study guide 2003 symposium one

study guide 2003 symposium one - SymposiumStudyGuide...

Info iconThis preview shows pages 1–3. Sign up to view the full content.

View Full Document Right Arrow Icon
Symposium Study Guide Chapter Summary: Introductory Dialogue The Symposium opens with an unnamed man asking Apollodorus, to recount the story of the symposium too him. Apollodorus agrees, but explains that he is telling the story, which in turn he was told by Aristodemus who attended the party. Apollodorus then tells how the dinner proceeded, and how after the eating was done the men decided to send away the flute-girl and have a discussion on the subject of love. Apollodorus also apologizes because he cannot remember all the speeches and cannot even remember all that Aristodemus told him. This idea that the story we are about to receive is much removed from the original source is somewhat related to the Theory of Forms, in that there are several levels between the present discussion and the truth. The absence of the flute-girl, which might carry some sexual connotation, makes the room now completely male, and thus increases the focus on homosexual love in the following speeches. The Speech of Phaedrus Phaedrus speech depicts Love as an ancient god born out of Chaos. He explains, “I cannot say what greater good there is for a young boy than a gentle lover, or for a lover than a boy to love. There is a certain guidance each person needs for his whole life, if he is to live well; and nothing imparts this guidance – not high kinship, not public honor, not wealth – nothing imparts this guidance as well as Love,” (178C-D). This passage captures the essence of Phaedrus speech. He believes that Love is a great teacher; it educates the youth and promotes virtue among men. Phaedrus bases his argument in Homeric myth and literature. He cites several well known stories and extracts his points from there. It is important to realize that this speech does not address Love so much as it addresses the effects of Love. Phaedrus concludes his speech, “Love is…the most powerful in helping men gain virtue and blessedness,” (180B). The Speech of Pausanias Pausanias begins his speech by drawing a distinction between Heavenly Love and Common Love. Pausanias believes that Common Love is the lesser of the two forms because it is equally directed at women and boys, and because it pertains more to the physical body and not to the mind. Heavenly love is a bond between a man and an adolescent boy, and as Pausanias describes it, “Love’s value to the city as a whole and to the citizens is immeasurable, for he compels the lover and his loved one alike to make virtue their central concern,” (185B-C). Pausanias is just like Phaedrus in that he explains the effects of love, and more specifically focuses on how love relates to virtue. However,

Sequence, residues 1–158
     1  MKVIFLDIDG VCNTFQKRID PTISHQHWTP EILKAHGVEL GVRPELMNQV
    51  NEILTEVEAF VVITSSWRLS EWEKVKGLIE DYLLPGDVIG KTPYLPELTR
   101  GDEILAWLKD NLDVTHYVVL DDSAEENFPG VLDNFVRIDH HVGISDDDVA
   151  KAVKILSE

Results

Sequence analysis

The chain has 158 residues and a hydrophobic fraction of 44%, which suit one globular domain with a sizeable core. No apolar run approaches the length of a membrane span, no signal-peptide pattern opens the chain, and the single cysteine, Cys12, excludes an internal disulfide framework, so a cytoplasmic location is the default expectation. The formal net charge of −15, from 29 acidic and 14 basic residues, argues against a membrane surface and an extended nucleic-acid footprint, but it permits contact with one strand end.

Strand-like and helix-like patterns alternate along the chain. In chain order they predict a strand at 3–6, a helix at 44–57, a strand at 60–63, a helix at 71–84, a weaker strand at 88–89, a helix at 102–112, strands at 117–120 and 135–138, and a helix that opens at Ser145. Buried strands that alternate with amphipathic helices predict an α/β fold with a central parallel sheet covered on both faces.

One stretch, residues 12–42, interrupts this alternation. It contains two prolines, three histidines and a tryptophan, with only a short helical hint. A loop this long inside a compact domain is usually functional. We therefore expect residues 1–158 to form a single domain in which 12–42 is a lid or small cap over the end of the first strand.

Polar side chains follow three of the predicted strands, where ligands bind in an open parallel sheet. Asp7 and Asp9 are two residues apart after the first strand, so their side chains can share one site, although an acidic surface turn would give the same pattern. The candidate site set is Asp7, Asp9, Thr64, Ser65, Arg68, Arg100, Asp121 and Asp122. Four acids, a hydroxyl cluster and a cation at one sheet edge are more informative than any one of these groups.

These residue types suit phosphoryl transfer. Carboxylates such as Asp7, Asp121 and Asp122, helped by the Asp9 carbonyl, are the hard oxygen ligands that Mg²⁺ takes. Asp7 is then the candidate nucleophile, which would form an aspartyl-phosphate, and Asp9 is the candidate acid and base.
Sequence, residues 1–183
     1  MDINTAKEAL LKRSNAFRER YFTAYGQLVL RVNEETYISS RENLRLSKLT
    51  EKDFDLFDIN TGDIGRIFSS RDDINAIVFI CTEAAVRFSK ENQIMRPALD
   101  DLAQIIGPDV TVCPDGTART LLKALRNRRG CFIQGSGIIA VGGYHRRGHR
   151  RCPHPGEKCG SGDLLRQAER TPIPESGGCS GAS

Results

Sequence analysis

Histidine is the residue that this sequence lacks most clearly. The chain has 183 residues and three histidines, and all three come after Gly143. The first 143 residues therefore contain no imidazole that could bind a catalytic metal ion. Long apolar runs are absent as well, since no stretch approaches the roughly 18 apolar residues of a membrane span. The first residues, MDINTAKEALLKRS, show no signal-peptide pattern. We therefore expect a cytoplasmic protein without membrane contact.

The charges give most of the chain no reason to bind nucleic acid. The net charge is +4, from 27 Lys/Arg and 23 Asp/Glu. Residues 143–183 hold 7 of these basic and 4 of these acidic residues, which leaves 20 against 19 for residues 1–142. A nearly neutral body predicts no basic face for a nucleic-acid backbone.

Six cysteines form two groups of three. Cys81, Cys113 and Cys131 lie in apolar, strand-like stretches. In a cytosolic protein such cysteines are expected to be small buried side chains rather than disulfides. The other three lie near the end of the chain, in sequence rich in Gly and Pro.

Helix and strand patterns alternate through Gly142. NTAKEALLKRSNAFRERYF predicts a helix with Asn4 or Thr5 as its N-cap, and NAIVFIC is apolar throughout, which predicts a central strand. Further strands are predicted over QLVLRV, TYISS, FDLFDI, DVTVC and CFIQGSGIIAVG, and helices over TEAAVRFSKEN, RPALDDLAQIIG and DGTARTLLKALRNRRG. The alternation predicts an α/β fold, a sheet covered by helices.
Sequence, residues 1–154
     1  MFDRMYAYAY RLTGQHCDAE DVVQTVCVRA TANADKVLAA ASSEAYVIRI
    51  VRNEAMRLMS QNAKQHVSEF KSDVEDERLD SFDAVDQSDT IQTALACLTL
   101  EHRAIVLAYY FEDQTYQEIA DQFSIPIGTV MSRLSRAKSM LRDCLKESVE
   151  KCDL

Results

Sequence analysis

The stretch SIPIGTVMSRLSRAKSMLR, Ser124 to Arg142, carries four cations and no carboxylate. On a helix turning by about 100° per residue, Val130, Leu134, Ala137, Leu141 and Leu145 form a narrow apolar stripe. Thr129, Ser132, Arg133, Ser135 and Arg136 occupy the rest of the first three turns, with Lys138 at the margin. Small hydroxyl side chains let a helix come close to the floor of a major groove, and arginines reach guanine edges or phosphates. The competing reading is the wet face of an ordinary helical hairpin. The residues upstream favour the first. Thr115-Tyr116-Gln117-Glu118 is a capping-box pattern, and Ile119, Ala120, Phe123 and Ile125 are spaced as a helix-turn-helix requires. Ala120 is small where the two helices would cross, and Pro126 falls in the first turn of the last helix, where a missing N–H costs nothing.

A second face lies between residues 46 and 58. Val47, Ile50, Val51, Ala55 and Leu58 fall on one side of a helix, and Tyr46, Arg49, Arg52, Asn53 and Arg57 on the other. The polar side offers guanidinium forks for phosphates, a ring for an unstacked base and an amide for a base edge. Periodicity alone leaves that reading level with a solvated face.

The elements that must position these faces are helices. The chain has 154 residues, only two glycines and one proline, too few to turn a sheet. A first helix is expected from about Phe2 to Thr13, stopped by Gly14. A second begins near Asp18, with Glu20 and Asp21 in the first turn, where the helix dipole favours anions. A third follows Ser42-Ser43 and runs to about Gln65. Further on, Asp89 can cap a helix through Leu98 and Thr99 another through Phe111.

Background image of page 1

Info iconThis preview has intentionally blurred sections. Sign up to view the full version.

View Full Document Right Arrow Icon
where Phaedrus grounded his argument in literature, Pausanias grounds his argument in his knowledge of Greek culture and social expectations. The Speech of Eryximachus
Background image of page 2
Image of page 3
This is the end of the preview. Sign up to access the rest of the document.

{[ snackBarMessage ]}

Page1 / 5

study guide 2003 symposium one - SymposiumStudyGuide...

This preview shows document pages 1 - 3. Sign up to view the full document.

View Full Document Right Arrow Icon
Ask a homework question - tutors are online